When you are engaged in a complex sales process in which you are meeting face-to-face with the potential buyers, you know how to interpret what The Whale Hunters calls “The Buyers’ Table”–the literal and figurative table around which your team interacts with people from the whale’s team who will influence the final decision of whether or not to buy from your company. But when you are engaged in responding to an RFP or RFQ, are you still paying as much attention to the buyers? Whether you can see them and talk to them or not, there remain many buyers who will influence the final decision. And their influence makes itself known at very different stages of the review process. Here’s a guide to the RFP Buyers’ Table:
- Early Review Team
- RFP Consultant. Is the company to whom you are responding making use of an RFP consultant? If so, that consultant wields a great deal of power over the early reviews. In addition to coaching and perhaps writing the RFP specs, the consultant most likely has a stable of vendors that they will encourage to apply. They have a vested interest in one of their client vendors being chosen. If you don’t know the consultant and you’re not among their preferred referrals, your odds of winning are greatly diminished.
- Compliance Gatekeeper. Someone or some group of people have responsibility to review proposals simply to ensure that you followed all the rules. Did you submit all required documents with appropriate signatures? Did you follow rules for number of pages, number of words, margins and font size? Did you answer every single question? Does your proposal follow exactly the format in which questions were presented? The compliance person is looking for a trivial reason to exclude your response, especially if the organization has received a large number of responses. Not fair? Maybe not. But it’s absolutely the way things work.
- Procurement/Buyers Review. There is a professional buyer or buyer team responsible for reviewing and vetting each response. They decide which bids to forward to the end users and other influencers. They have a great deal of authority, but how closely they work with the end users varies considerably from one organization to another. But you can be certain that if your proposal does not satisfy the procurement officers, it will not go forward to the people who will actually use your products and services.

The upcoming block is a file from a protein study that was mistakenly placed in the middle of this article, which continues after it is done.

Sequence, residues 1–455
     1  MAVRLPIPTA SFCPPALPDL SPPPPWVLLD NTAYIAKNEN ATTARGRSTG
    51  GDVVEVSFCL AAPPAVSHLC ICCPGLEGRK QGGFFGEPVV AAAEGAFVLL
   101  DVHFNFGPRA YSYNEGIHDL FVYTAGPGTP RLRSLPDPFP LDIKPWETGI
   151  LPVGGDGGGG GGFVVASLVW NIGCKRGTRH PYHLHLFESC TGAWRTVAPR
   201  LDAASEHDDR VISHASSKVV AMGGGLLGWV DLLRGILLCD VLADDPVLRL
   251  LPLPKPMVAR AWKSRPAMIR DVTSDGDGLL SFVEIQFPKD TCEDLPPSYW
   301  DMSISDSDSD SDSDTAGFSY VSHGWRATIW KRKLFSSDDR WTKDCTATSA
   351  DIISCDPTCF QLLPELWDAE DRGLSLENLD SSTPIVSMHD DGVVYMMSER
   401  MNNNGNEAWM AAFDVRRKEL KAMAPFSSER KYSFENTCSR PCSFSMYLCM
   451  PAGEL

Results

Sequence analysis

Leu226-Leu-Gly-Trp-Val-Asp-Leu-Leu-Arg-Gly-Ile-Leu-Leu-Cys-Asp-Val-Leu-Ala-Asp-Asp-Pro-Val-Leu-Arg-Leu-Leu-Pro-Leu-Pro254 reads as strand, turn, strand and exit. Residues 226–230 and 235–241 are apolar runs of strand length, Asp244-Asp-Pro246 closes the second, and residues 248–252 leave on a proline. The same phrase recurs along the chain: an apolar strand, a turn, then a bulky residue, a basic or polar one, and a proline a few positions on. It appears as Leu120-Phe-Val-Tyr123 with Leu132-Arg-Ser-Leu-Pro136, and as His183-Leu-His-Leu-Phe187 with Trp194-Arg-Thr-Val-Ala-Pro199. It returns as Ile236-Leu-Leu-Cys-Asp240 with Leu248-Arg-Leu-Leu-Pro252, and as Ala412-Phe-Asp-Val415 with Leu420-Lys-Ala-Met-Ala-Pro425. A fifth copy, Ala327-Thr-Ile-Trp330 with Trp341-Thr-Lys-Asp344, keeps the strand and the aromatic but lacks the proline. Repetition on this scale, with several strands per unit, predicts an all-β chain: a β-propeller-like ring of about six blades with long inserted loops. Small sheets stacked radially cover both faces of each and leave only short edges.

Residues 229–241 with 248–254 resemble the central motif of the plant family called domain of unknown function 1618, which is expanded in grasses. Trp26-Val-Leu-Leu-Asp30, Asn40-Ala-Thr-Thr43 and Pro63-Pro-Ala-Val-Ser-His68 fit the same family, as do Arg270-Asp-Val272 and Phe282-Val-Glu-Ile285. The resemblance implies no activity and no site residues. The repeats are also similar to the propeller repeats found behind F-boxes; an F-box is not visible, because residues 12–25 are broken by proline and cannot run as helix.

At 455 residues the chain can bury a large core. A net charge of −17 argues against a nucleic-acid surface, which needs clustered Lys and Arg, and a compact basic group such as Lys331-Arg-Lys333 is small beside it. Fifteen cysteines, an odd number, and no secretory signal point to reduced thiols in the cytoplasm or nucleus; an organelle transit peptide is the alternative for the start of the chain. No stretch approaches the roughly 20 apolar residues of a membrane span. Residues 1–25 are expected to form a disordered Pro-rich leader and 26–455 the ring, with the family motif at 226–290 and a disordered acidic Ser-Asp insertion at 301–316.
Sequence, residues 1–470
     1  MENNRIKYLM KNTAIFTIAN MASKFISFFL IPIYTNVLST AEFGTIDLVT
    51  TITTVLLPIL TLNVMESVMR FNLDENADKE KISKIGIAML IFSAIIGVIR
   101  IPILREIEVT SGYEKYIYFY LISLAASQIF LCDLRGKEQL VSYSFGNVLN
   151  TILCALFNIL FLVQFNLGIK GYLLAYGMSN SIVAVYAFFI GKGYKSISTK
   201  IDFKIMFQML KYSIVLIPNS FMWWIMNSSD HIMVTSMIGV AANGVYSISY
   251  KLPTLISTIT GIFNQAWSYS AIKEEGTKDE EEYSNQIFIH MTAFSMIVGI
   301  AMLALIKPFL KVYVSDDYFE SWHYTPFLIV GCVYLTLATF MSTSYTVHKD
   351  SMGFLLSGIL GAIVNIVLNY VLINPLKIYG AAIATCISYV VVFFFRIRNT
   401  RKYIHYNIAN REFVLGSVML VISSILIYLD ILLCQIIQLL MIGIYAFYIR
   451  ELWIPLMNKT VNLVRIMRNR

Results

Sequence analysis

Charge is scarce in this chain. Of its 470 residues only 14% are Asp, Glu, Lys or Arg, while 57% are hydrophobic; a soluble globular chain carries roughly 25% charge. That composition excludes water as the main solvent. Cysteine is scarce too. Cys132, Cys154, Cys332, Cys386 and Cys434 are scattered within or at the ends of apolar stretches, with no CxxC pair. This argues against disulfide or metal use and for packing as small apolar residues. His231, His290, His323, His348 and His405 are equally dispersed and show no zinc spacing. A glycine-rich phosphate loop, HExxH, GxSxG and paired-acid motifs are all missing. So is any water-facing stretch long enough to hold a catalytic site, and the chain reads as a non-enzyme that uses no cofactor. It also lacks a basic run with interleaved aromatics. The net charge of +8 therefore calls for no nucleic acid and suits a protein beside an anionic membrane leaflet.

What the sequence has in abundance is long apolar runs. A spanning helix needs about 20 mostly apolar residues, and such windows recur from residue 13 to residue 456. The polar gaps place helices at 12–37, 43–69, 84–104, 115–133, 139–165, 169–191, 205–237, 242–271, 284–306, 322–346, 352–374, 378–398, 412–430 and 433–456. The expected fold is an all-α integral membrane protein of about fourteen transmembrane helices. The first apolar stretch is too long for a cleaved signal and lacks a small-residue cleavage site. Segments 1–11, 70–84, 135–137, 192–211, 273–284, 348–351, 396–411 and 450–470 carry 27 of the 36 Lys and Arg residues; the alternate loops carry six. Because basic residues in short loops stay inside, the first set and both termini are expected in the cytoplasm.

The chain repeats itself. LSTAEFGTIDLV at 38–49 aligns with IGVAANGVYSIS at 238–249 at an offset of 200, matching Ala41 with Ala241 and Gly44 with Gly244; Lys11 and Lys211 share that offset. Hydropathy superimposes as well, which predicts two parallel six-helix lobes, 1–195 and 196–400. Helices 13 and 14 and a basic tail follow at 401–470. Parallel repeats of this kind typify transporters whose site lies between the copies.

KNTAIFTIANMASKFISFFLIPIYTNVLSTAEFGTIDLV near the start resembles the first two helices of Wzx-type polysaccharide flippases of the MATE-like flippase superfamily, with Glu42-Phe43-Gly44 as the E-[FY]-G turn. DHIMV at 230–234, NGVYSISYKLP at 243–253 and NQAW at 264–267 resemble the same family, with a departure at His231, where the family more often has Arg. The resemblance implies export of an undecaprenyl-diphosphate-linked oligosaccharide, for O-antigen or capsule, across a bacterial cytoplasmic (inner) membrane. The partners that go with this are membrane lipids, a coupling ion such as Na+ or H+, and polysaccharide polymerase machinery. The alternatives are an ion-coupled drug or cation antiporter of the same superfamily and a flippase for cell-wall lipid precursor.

- The “Caribou.” Several people serve in roles as “technical buyers.” They are typically the people who engage with your team in delivery and project management, or people who are advisors to them, such as HR, IT, Contracts, Training, Customer Service, and so forth. All of these people will weigh in on the decision once your proposal has passed the Procurement review. If you are responding to a federal or state RFP, there may be an external review committee whose subject matter expertise and (possibly) political views influence how they score your proposal. External reviews are conducted by the National Institute of Health, the National Science Foundation, the U.S. Departments of Education and Justice, H.U.D., and many more. Small Business Research Grants (SBIR) proposals are subject to external review committees. The better you understand how your response will be judged and who will be involved in its evaluation, the better you can respond (OR decide not to respond)!Incumbents and other “eels” may also be involved at this step. Incumbents are sometimes provided with bid information from competitors (which I consider to be highly unethical, but that is a topic for another day) and may be consulted by some of the caribou. If your prospect has or could have the capability to perform your service in house, people in those departments may lobby for in-house rather than outsourcing, acting as eels to you.
- The Polar Bear(s) The caribou make their recommendations upline to a person or persons who are responsible for the final decisions. In a corporate environment this may be a joint decision by Purchasing and a senior VP of the division that is buying. In a government environment it will be a Contract Officer, who is being advised by a senior official with decision-making authority. Legal and fiscal personnel are involved at this level, many of whom have the ability to reject or revoke a deal or demand changes in terms. Financial negotiations may be extensive at this point in decision-making as well as decisions about delivery schedules.
Sometimes during an RFP process, if you find yourself among the top three to five bidders, your team will be asked to make a live presentation. Prepare for this long before you get the call–by then you may only have a day or two to get ready. Always assume that your team will be invited to sit at the Buyers’ Table, and you will improve your win rate with RFP responses. When you are deciding whether or not to respond to an RFP, understand that the more people you know and with whom you have an established good relationship at the Buyers’ Table, the better your chances of winning. Conversely, if you don’t know any of them, and they don’t know you, it’s a real long shot. So keep that in mind whenever you decide to invest precious resources in preparing a bid, as well as making yourself vulnerable by putting a detailed bid in fron of people whom you don’t know. The RFP process is a must to master in many industries. Finding and cultivating the Buyers’ Table is an essential feature of your process for winning.